US imposes new sanctions targeting Iran's ballistic missile program

The United States on Friday imposed new sanctions targeting Iran's ballistic missile program, one day after Tehran tested a satellite-launch rocket -- an act that Washington had called "provocative."

A picture released by Iran's Defence Ministry on July 27, 2017 shows a Simorgh (Phoenix) satellite rocket at its launch site at an undisclosed location in Iran
A picture released by Iran's Defence Ministry on July 27, 2017 shows a Simorgh (Phoenix) satellite rocket at its launch site at an undisclosed location in Iran (IRANIAN DEFENCE MINISTRY/AFP)

The United States on Friday imposed new sanctions targeting Iran's ballistic missile program, one day after Tehran tested a satellite-launch rocket -- an act that Washington had called "provocative."

The US Treasury singled out six companies owned or controlled by Shahid Hemmat Industrial Group (SHIG), which it said was central to the Islamic republic's missile program, freezing their US assets and barring US citizens from dealing with them.

Foreign financial institutions could face punitive measures if they deal with the sanctioned entities, it added.

SHIG was already under UN, US and European Union sanctions.

Treasury Secretary Steven Mnuchin said the sanctions "underscore the United States' deep concerns with Iran's continued development and testing of ballistic missiles and other provocative behavior."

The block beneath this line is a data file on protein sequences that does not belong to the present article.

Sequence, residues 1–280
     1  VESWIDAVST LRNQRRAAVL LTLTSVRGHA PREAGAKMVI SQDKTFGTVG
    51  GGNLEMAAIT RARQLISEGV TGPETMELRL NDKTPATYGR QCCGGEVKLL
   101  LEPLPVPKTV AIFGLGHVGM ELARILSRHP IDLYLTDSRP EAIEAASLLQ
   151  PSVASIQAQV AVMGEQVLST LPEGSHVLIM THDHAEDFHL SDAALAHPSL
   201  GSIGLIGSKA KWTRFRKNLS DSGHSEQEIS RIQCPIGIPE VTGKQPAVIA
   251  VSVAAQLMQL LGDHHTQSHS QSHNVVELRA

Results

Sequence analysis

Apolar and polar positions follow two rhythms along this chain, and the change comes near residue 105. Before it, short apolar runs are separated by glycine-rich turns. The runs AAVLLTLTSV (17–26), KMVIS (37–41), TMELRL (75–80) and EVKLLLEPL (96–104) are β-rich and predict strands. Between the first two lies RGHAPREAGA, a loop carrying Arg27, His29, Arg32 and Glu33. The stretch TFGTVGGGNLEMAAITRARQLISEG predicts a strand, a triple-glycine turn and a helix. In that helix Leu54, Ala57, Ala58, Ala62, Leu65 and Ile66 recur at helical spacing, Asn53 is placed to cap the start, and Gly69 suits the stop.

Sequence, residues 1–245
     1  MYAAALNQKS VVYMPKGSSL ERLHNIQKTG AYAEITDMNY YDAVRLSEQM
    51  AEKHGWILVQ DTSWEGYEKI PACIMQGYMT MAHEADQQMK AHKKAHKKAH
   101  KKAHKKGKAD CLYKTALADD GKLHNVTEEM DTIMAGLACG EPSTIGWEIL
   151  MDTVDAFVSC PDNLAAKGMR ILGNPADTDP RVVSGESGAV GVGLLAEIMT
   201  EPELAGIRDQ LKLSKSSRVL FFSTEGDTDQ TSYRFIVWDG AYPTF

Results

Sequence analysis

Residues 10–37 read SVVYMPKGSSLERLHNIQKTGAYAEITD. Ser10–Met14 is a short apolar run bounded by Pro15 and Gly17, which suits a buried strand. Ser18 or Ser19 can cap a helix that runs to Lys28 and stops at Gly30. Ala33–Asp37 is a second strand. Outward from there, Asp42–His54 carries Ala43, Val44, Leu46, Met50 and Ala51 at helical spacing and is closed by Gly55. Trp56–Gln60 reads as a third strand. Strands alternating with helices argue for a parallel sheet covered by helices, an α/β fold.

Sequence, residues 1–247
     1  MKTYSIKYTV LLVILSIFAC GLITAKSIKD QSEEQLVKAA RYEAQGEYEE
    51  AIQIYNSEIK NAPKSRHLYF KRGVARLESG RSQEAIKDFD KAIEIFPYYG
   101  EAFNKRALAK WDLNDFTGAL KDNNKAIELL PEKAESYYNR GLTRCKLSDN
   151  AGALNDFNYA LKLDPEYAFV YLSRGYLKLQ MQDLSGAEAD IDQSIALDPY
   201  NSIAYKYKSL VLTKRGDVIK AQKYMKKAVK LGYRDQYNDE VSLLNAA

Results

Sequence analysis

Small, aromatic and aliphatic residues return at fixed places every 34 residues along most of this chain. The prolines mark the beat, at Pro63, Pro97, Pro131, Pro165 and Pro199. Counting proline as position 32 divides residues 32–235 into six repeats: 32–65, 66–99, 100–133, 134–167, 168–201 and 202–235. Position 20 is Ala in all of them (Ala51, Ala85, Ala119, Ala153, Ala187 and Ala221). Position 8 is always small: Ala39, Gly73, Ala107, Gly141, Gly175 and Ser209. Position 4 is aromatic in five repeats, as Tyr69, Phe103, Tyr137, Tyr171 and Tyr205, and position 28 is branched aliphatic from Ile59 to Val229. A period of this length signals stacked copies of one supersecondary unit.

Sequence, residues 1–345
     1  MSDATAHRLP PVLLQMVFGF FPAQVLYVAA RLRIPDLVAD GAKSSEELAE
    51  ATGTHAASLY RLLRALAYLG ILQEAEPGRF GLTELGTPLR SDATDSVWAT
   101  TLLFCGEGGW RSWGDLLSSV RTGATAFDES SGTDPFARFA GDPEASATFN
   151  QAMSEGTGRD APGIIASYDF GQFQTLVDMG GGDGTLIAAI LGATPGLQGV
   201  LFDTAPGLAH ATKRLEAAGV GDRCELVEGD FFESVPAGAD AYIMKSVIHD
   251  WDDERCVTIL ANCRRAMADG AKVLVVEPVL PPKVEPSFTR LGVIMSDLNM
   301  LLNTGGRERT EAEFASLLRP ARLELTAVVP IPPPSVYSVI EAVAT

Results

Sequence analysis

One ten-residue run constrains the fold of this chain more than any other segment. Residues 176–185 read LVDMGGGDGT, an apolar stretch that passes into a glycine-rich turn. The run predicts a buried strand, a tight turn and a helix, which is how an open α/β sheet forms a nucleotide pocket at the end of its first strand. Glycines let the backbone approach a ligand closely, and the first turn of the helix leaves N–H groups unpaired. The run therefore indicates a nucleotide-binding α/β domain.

He warned that Washington would "continue to aggressively counter Iran's ballistic missile-related activity, whether it be a provocative space launch, its development of threatening ballistic missile systems, or likely support to Yemeni Huthi missile attacks on Saudi Arabia such as occurred this past weekend."

According to the Treasury, "space launch vehicles use technologies that are closely related to those of an intercontinental ballistic missile and this launch represents a threatening step by Iran."

Iranian state television broadcast footage of the takeoff from the Imam Khomeini space center, named after the late founder of the Islamic republic, in Semnan province in the east of the country.

The report said the launch vehicle, named Simorgh after a bird in Iranian mythology, was capable of propelling a satellite weighing 250 kilograms (550 pounds) to an altitude of 500 kilometers (300 miles) above earth.

Western states suspect Iran of developing the technology capable of launching long-range ballistic missiles with conventional or nuclear payloads, a charge denied by Tehran, which insists its space program has purely peaceful aims.

Tensions have mounted between Washington and Tehran since US President Donald Trump took office six months ago.